Greenberg’s AIG Suit Provides Not-So-Fast Moment: Opening LineC. Thompson
The pretrial wisdom had pegged this so-called AIG trial up to an old man, Maurice “Hank” Greenberg, attempting to exact revenge for the face he lost when the company he built over almost 40 years had to be seized, some might say nationalized, by the federal government to keep it from wreaking some of the worst possible havoc of the 2008 financial crisis.
It was a long shot, they said, probably having more do with Greenberg’s desire to drag Tim Geithner, Henry Paulson and Ben Bernanke through the mud than anything. It would be next to impossible to show harm, considering how the company survived and in fact thrived.
“I think they’re going to lose,” Marcel Kahan, a New York University law professor who specializes in corporate finance and governance, said about Boies and Greenberg on the eve of the trial. “I think they realize they’re going to lose. But you never know what’s going to happen.”
Got that right.
With the trial entering its sixth week today, suddenly it seems people are seeing it differently. Andrew Zajac and Christie Smythe take stock of the proceedings so far and find the arrow has moved. They note the adroit litigating by David Boies, the celebrated attorney representing Greenberg and the plaintiffs, as well as favorable rulings from the judge in this bench trial, Thomas Wheeler.
Wheeler appeared to be leaning even before the trial, based on reporting that he had criticized the U.S. for trying to keep AIG out of the case as well as “the low evaluation of Starr’s potential success on the merits” of the case that AIG’s lawyers represented to the board.
Reading today’s story, we wonder whether Wheeler ever was prepared to give the U.S. government a fair hearing. News to us in the story is how much else the judge had written or said before the trial ever began -- years ago.
Zajac and Christie report Wheeler wrote in 2012 that he agreed with Starr’s argument that the only consideration for a loan under the Fed’s emergency powers can be an interest rate set by the board of governors -- not a demand for equity. He also wrote that he didn’t buy the government’s argument that the Federal Reserve Act conferred broad enough powers to take that equity, and that the Treasury Department’s holding of the stake in a trust didn’t mitigate any of this.
So, chalk it up to our ignorance, which is always on full display, when we wonder whether and how there was supposed to be any impartiality in this and whether, as suggested by today’s story, this judge saw a vacuum in the federal powers at use for the first time since the Great Depression and decided he abhorred it.
ISM’s manufacturing and prices-paid indexes are the chief U.S. economic indicator today, coming at 10 a.m. EDT, as well as auto sales throughout the day.
Sysco reports earnings before the market opens. After the bell, we’ll hear from AIG, Frontier Communications, Tenet, Marathon Oil, Herbalife and Sprint, among a handful of others. Tomorrow it gets heavier.
Overnight, HSBC said earnings fell short as the bank set aside more than $1 billion to cover the cost of a currency-rigging investigation and other provisions. Reports show manufacturing stalled in October across Europe, grew in the U.K. and shrank in France and Italy. China’s services industry slowed to a nine-month low in October. Hong Kong’s September retail sales showed little effect from protests.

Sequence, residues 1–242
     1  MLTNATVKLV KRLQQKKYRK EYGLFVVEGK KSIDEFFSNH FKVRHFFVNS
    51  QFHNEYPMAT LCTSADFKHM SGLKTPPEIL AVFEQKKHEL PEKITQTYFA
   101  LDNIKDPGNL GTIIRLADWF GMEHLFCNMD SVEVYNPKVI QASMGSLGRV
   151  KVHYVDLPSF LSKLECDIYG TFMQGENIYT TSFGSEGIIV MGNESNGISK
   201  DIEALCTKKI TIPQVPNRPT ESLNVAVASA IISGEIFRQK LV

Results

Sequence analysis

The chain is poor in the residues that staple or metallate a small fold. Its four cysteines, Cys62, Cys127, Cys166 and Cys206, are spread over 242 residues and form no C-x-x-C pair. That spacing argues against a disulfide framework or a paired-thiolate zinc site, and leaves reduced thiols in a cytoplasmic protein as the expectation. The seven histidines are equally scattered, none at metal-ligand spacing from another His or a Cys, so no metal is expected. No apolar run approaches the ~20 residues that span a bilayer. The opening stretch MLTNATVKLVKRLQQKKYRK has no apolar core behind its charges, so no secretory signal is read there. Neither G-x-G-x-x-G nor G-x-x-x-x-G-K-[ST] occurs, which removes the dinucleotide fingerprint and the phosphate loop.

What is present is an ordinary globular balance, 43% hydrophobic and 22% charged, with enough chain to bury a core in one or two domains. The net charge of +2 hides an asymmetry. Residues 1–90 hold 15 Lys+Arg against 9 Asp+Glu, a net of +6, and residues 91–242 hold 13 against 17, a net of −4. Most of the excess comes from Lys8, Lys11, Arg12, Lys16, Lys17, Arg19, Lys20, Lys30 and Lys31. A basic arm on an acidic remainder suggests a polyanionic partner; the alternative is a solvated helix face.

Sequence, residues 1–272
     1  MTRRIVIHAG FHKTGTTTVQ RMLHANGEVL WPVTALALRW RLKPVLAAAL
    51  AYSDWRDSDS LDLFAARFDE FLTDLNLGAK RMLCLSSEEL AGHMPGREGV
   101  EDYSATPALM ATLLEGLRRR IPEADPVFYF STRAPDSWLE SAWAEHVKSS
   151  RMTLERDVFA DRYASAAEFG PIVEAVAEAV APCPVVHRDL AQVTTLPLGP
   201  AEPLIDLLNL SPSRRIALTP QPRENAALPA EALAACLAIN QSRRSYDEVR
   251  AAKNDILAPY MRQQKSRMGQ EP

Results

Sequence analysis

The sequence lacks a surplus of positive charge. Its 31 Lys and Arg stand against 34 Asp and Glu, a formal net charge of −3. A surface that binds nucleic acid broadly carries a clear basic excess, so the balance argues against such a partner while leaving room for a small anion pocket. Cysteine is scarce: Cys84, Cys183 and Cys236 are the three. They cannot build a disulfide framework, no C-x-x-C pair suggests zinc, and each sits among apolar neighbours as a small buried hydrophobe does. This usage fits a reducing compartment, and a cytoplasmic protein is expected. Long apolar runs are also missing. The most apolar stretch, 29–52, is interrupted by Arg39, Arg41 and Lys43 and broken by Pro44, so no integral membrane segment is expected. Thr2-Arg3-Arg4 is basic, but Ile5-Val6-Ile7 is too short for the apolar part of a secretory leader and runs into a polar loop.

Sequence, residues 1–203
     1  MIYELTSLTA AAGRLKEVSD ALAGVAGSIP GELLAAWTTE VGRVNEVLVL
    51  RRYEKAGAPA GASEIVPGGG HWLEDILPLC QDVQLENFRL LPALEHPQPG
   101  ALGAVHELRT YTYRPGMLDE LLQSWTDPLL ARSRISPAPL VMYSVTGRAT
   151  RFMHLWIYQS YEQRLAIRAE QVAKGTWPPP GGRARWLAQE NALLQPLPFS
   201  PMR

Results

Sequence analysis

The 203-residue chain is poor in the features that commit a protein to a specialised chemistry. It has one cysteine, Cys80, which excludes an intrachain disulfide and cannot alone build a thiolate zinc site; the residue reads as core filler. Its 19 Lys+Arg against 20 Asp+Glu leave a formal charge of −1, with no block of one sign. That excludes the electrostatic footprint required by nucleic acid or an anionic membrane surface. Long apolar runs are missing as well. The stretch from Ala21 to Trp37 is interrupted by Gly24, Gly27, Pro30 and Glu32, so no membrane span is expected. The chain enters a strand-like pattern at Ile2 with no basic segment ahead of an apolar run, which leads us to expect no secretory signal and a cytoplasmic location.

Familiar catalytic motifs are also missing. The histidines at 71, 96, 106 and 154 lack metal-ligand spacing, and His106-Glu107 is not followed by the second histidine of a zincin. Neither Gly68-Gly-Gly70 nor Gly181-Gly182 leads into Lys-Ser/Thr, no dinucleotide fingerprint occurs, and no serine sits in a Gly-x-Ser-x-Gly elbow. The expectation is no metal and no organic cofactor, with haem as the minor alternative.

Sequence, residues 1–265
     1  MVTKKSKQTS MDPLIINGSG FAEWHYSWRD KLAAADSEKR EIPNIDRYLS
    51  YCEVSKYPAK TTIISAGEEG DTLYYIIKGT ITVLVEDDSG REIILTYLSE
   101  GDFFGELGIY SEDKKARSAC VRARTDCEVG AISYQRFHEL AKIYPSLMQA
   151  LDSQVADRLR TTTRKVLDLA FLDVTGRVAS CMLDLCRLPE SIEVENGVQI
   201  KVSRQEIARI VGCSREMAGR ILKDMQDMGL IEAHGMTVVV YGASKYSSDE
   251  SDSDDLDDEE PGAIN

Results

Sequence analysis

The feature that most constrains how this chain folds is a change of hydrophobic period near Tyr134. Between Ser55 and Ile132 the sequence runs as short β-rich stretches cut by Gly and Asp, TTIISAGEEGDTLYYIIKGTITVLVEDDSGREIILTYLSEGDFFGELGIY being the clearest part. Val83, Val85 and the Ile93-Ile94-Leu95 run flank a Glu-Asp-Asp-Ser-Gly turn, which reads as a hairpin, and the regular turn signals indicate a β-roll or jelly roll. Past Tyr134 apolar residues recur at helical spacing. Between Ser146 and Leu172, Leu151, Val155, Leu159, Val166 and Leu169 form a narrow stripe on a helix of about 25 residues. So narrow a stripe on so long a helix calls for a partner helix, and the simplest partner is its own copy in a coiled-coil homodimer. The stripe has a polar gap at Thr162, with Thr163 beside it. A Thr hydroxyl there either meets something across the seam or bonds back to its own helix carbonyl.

- Yellen and Obama hold their first one-on-one meeting since her confirmation as Fed chair in January. Really? Their first? - Stephen Poloz, the Bank of Canada governor, and Canadian Finance Minister Joe Oliver address the Canadian Council for Public-Private Partnerships, which is holding a two-day conference starting today. - Daniele Nouy, chairman of the ECB Supervisory Board, speaks at a European Parliament hearing in Brussels at 3 p.m., 9 a.m. EDT. - The Money 20/20 Conference continues in Las Vegas through Nov. 5. Bloomberg Television is there. - Game Developers Conference Next runs through tomorrow in Los Angeles. Check back tomorrow for a tally of how many women’s lives were threatened. - Markets in Japan were closed for Culture Day. - WSJ/NBC poll finds likely voters want Republicans to control U.S. Senate by an amount well within the margin of error. - Eastern Ukrainian territory holds election that only Russia endorses. - Police charge former Bank of America banker with the murder of two women in Hong Kong. - Argentina judge invokes “universal jurisdiction” to order the arrest, extradition of former officials from General Francisco Franco’s government in Spain. - Egypt continues its struggles with freedom of the press. - So does the U.S. - The effects of climate change from carbon emissions will be irreversible soon, according to a report from the UN’s Intergovernmental Panel on Climate Change that sounds a lot more dire than the way we just wrote it. - Suicide bombing near India-Pakistan border kills at least 53. - Executions increased during Rouhani’s first years as president of Iran. - Burkina Faso military lays down the law. - "Infectious fever" hospitalizes Argentina’s Fernandez. Paging Chris Christie. - Nik Wallenda lives to tell the story. - Rocket engine on doomed Virgin Galactic flight wasn’t the problem, U.S. examination finds. - Sorry, but snow this early in the season is cruel. - First synagogue opens in Brandenburg, Germany, since Kristallnacht. - A horrible end to a miserable life. - Cartagena, Colombia, commemorates the deaths of 10,000 English troops in an unsuccessful siege of the city during the War of Jenkins’ Ear in 1741. Wait, what? - Someone thought it would be a good idea to reenact Christians vs. lions, except to make it the U.S. rugby team playing the New Zealand All Blacks. - Kenyans breeze to victory in New York City Marathon. But who was the millionth finisher? - Errant hockey puck kills 8-year-old boy at a game in France. - All you need is love.